Eight Boise State University undergraduates will share $42,000 in research grants this spring and summer to study issues related to water and climate change alongside Boise State faculty. The grants support participation of under-represented students in the fields of science, technology, engineering and mathematics. The student projects will target economic development, river and dam operations and ecosystem function.
“Undergraduate research is a unique experience for students who may never have had this opportunity otherwise,” said Siân Mooney, a professor of economics and director of the Boise State portion of a National Science Foundation grant that is funding the research projects. “Experience with undergraduate research can help students discover a passion for inquiry and lifelong learning.”
The Boise State researchers, students and their projects include:
— Biological sciences assistant professor Jennifer Forbey and junior Kristina Gehlken of Boise, rapid assessment of sagebrush nutritional quality
— Geosciences associate professor Shawn Benner and senior Adrianna Hummer of Boise, the impact of climate change on soil carbon in rangelands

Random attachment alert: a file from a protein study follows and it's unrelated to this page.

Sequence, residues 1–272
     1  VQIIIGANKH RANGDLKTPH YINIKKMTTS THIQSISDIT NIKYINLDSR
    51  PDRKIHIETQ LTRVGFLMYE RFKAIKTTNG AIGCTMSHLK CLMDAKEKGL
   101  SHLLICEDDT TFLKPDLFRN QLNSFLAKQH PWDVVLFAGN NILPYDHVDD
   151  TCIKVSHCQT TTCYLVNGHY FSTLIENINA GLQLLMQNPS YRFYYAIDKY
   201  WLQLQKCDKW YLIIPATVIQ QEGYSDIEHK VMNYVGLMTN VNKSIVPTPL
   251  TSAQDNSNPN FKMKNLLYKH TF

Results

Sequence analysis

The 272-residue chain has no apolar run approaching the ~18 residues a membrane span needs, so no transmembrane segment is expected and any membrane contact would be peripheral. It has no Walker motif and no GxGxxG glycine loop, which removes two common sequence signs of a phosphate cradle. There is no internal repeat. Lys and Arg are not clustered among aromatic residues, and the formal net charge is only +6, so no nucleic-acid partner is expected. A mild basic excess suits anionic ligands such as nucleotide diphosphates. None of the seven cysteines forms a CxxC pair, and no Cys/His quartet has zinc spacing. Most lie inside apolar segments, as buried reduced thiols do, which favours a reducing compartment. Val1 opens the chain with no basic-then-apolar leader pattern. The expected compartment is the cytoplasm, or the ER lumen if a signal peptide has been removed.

— Civil engineering professor Molly Gribb and senior Esther Contreras of Nampa, soil hydraulic property studies in the Dry Creek experimental watershed
— Biological sciences assistant professor Kevin Feris and senior Steven Lalor of Boise, chronic ecosystem stress
— Economics assistant professor Scott Lowe, Economics associate professor Zeynep Hansen and senior Samantha Hobdey of Gooding, climate variability and water infrastructure: historical experience in the Western United States
— Economics assistant professor Scott Lowe, Economics assistant professor Kelly Cobourn and senior Blair Vanderlugt of Boise, the impacts of climate change on economic development and land use change within Idaho
— Civil engineering assistant professor Arturo Leon, junior Ashley Zumwalt of Meridian and senior Hadi Mirsadeghi of Boise, engaging undergraduate students in the operation and management of regulated river systems
The research is funded by Boise State’s share of a $15 million grant from the National Science Foundation in 2008 to the university and its sister institutions in Idaho. It was Idaho’s largest NSF grant to date and is targeted at understanding the current and future impact of climate change on the Snake and Salmon River watersheds. The grant was secured through Idaho’s Experimental Program to Stimulate Competitive Research (EPSCoR).
In addition to this year’s undergraduate research projects, the 2008 grant — to be funneled to the university over five years — provided another $42,000 for eight undergraduate research projects in spring and summer 2009.